Just Because It's on Internet, Doesn't Mean It's True

Two sexual harassment stories grabbed headlines, and made the rounds on Facebook and Twitter recently. The "hook" for each story was that small children -- seven and nine-year-old boys -- were suspended from school for sexual harassment; the younger because he kicked a bully in the groin, the elder because he said a teacher was "cute."

Both stories sparked outrage on the right, but they had something else in common. Each was a single-source, uncorroborated piece that told only one side of the story. In each case, the narrative came from the boy's mother. Reporters dutifully recorded that the administration at Brookside Elementary School in Gaston County, North Carolina, would not comment on the "cute" case, nor would officials at Tynan Elementary School in South Boston explain the "groin-kicker" incident.

But journalistic niceties like balance and accuracy did not stop many from touting these as just two more examples of political correctness run amok and of the indoctrination of children by the Left. Not only were the stories posted and circulated online, but they included photographs of the children involved.

I studied journalism in college, but it doesn't take a higher education to know that you need to get more than one side of a story if you hope to understand what happened. These stories were full of red flags.

So, I called Jerry Bostic, the principal at Brookside Elementary on Tuesday, December 6, before he was forced into retirement.  (My editor at PJ Media held this story until now at my request, after we learned of the retirement. I wanted to verify the facts in light of the new information. This seems like common sense, but unfortunately, it's not so common in the realm of journalism.)

I finally spoke to Bostic again on Monday, December 12.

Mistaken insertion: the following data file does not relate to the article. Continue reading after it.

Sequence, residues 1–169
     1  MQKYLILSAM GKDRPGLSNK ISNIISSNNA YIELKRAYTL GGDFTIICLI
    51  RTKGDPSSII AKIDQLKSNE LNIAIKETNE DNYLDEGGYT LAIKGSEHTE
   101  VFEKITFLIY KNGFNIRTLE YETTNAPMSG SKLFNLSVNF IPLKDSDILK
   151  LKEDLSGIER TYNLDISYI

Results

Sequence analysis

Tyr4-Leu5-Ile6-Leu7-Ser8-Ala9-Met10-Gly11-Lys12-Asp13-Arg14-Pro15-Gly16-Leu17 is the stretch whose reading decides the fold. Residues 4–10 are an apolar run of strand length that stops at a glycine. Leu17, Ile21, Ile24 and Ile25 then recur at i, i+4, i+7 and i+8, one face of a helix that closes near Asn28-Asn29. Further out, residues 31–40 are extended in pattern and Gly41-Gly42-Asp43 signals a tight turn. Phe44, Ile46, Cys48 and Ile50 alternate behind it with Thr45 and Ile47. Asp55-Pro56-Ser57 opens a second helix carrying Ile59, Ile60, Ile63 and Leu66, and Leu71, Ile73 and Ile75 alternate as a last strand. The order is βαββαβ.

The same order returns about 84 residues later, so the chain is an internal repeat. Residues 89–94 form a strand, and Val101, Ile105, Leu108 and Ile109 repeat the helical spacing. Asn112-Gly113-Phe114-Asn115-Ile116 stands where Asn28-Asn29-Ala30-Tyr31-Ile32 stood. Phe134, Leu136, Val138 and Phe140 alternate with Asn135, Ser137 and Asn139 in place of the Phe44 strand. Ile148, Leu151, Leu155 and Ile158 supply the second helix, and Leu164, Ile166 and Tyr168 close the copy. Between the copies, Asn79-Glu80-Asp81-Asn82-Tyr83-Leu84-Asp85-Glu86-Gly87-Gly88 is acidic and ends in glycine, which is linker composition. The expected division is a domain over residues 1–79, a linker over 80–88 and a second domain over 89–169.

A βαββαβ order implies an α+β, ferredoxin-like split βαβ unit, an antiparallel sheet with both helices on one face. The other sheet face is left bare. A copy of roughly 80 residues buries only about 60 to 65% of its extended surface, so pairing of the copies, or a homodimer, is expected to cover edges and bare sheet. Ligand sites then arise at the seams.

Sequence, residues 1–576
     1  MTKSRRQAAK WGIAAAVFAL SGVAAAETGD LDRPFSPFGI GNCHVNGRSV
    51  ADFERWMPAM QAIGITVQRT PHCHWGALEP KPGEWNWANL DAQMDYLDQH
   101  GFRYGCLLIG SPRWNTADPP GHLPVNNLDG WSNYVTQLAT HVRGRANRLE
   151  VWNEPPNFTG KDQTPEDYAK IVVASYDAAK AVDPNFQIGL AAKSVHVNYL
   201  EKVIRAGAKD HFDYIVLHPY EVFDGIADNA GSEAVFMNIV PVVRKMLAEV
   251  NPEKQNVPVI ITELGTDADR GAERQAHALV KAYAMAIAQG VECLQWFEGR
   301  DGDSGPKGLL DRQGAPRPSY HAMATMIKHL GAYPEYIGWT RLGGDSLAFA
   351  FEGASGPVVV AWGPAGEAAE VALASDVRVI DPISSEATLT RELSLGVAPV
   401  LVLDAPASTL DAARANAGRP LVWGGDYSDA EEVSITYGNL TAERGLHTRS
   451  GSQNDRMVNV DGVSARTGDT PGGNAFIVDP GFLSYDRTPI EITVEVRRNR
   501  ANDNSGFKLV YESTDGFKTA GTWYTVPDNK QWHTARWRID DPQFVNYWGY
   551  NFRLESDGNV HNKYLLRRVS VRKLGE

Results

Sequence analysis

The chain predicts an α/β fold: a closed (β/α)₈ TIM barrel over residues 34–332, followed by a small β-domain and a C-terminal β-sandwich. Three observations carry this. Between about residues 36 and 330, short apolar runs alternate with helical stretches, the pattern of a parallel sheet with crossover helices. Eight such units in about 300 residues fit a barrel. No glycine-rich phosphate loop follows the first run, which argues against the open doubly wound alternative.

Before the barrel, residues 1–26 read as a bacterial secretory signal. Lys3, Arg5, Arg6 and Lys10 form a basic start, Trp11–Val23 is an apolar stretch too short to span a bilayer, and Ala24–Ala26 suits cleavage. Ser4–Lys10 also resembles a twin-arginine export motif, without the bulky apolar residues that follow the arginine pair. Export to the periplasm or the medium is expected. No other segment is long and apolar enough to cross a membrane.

Bostic was forbidden by policy from speaking about the particulars of this incident while on staff. After his hastened retirement, Bostic still protected the privacy of the child, and of his former colleagues, the teachers.

But he said some things that shed light on the situation.

1) Bostic plainly stated that in his 43-year career, "I have never suspended a child for saying anyone was cute."

2) He said that he has suspended middle-school and high-school students for sexual harassment, but those suspensions are 5-days, at least, and often 10 days or more -- serious offenses. The nine-year-old in the "cute" case was suspended for just three days. He served the final day in school.

3)  Bostic had nothing but good things to say about the student who was suspended. "This young man is a fine young man," Bostic said. "We don't have any bad kids at Brookside. He's going to be successful. We're going to work with him and give him the best possible opportunity to do well. ... He's a good young man, successful at this point, and we want that success to continue."

It's clear that something happened here that has not been reported, something more serious than a childish compliment to a woman's beauty. But in his post-retirement interview, Bostic described a scenario that has all the complexity of human interactions, with the added burden of a confidentiality obligation, thus making the story difficult for the traditional media to tell.